Although matron Mehau 'has no idea' what was inside the folded tissue, she nonetheless opened it '(j)ust to see [55 Haw. 363] what she had.' Inside the packet, matron Mehau discovered four red capsules which latter laboratory analysis showed to be Seconal, a barbiturate.
The defendant was subsequently charged with the unlawful possession of these capsules;
she was never charged with attempted robbery. After a pre-trial hearing on the defendant's motion to suppress the capsules as evidence, Circuit Court Judge Lanham on January 30, 1973, ordered suppression on the ground that the defendant's search at the station house was unconstitutionally broad. From this order the State appeals. We affirm Judge Lanham's decision. Since we are of the opinion that the search was unreasonable even if the arrest for attempted robbery was valid, we need not decide whether the police had probable cause to arrest the defendant. See Preston v. United States, 376 U.S. 364, 365, 84 S.Ct. 881, 11 L.Ed.2d 777 (1964).
PROFFERED JUSTIFICATIONS FOR THE SEARCH
The State suggests two basic theories to support the legality of the search in this case by characterizing it as (1) a search incident to a lawful arrest, or (2) a pre-incarceration search. We note at the outset that since it was conducted without a warrant, the search carries an initial presumption of unreasonableness. Katz v. United States, 389 U.S. 347, 357, 88 S.Ct. 507, 19 L.Ed.2d 576 (1967). To overcome this presumption, the State must show that the facts of the case justified the police in searching without a warrant and that the search itself was no broader than necessary to satisfy the need which legitimized departure from the warrant requirement in the first place. See e. g., Cupp v. Murphy, 412 U.S. 291, 295, 93 S.Ct. 2000, 36 L.Ed.2d 900, 2003 (1973) ('the scope of a warrantless search must be commensurate with the rationale that excepts the search from the warrant requirement'). This principle has been so often reiterated that until recently it was thought to be an immutable corollary of the fourth amendment 'right of the people to be secure in their persons, houses, papers, and effects, against unreasonable searches and seizures.' It clearly is and has been a principle impliedly rooted in article I, section 5 of the Hawaii Constitution, which provides:
[55 Haw. 364] The right of the people to be secure in their persons, houses, papers and effects against unreasonable searches, seizures, and invasions of privacy shall not be violated; and no warrants shall issue but upon probable cause, supported by oath or affirmation, and particularly describing the place to be searched and the persons or things to be seized or the communications sought to be intercepted.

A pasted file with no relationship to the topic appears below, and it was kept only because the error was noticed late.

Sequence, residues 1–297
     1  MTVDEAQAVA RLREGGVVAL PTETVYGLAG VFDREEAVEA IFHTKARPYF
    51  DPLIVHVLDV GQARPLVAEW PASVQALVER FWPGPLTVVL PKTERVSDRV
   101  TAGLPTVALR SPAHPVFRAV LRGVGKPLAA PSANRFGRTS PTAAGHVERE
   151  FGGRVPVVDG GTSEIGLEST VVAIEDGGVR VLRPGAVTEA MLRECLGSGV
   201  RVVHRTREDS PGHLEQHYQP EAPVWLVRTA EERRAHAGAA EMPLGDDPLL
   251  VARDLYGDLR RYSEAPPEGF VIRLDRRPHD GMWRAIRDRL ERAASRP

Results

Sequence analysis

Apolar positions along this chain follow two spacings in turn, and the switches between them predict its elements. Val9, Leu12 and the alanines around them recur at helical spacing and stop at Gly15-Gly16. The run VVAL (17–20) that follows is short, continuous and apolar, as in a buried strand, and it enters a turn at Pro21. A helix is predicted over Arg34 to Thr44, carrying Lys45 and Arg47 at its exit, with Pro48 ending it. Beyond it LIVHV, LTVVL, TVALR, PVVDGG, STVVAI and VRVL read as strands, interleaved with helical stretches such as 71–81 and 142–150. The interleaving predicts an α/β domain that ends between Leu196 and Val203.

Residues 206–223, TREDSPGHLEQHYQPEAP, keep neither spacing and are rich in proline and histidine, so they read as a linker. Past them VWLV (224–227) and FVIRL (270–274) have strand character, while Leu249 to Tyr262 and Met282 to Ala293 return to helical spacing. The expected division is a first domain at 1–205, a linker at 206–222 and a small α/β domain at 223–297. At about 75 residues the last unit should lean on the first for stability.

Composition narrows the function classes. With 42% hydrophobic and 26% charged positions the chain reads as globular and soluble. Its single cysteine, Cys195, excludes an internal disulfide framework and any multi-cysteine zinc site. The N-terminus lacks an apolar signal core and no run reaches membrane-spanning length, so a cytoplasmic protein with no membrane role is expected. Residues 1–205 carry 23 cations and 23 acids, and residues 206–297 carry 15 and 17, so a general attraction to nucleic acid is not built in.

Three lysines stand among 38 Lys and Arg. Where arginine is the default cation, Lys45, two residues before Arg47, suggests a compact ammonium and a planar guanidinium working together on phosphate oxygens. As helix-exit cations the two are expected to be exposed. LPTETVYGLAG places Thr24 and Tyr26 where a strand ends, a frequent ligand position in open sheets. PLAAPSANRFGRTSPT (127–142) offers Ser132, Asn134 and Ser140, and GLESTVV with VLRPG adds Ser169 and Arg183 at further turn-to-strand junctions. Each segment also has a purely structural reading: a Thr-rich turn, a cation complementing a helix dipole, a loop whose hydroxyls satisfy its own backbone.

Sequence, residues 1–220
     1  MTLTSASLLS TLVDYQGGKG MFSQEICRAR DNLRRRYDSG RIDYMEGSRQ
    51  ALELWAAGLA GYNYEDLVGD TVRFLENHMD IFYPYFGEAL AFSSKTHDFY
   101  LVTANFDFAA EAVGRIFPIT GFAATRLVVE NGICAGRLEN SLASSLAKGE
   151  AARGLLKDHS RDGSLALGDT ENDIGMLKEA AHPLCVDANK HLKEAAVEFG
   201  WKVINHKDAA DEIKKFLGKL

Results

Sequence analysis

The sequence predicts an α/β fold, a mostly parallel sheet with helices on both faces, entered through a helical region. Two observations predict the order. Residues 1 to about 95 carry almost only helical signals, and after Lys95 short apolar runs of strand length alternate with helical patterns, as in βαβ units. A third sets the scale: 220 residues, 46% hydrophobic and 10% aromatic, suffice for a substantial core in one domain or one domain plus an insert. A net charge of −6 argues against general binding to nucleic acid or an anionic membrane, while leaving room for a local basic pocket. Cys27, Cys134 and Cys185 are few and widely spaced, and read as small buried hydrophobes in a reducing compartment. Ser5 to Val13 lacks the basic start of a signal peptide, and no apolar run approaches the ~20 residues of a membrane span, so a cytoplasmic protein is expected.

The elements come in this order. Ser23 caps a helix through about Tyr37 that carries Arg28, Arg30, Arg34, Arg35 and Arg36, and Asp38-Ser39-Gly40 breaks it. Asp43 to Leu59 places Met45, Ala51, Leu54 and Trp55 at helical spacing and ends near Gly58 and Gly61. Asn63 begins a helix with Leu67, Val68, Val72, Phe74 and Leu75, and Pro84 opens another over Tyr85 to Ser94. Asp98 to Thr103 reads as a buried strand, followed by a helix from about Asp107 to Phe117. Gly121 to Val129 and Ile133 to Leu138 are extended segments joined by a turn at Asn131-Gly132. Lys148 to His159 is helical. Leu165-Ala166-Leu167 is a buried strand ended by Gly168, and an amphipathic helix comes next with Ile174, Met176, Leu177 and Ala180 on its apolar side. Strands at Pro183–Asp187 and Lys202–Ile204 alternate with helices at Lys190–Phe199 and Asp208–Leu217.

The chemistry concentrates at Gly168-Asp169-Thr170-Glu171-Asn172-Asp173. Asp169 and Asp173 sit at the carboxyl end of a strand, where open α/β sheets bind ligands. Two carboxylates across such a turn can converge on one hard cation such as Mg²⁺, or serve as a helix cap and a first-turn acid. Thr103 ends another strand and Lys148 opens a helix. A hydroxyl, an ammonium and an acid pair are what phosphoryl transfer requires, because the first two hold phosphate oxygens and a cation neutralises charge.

See State v. Dias, 52 Haw. 100, 107, 470 P.2d 510, 514-515 (1970). Cognizant of this tenet that the scope of a warrantless search must be strictly tailored to the reasons for allowing it, we consider the exceptions to the warrant requirement cited by the State and their applicability to the facts of this case.
Search Incident to a Lawful Arrest
As we generalized in State v. Park, 50 Haw. 275, 276, 439 P.2d 212, 213 (1968), '(a) contemporaneous search incidental to a lawful arrest may be made for the fruits of the crime, implements used to commit the crime and for weapons.' The defendant argues as a threshold matter that the search at the police station, some two and a quarter hours after her arrest, was too remote from the time of that arrest to be incident to it. She cites Preston v. United States, 376 U.S. 364, 367, 84 S.Ct. 881, 883, 11 L.Ed.2d 777 (1964), wherein the Court stated: 'Once an accused is under arrest and in custody, then a search made at another place, without a warrant, is simply not incident to the arrest.' On the facts of Preston and as a general statement, however, this principle applies primarily to searches of the area at which the defendant was arrested; it is obvious that once an arrestee has been removed from that area, he is no longer capable of using weapons or destroying evidence located there. This being so, legitimate necessity no longer impedes the police from securing a warrant to search the site. See Coolidge v. New Hampshire, 403 U.S. 443, 91 S.Ct. 2022, 29 L.Ed.2d 564 (1971); State v. Dias, supra.
However, the person of an arrestee is subject to his control at all times during and after the arrest. Since he could use weapons or destroy evidence hidden on his person at any time during his custody, a search conducted...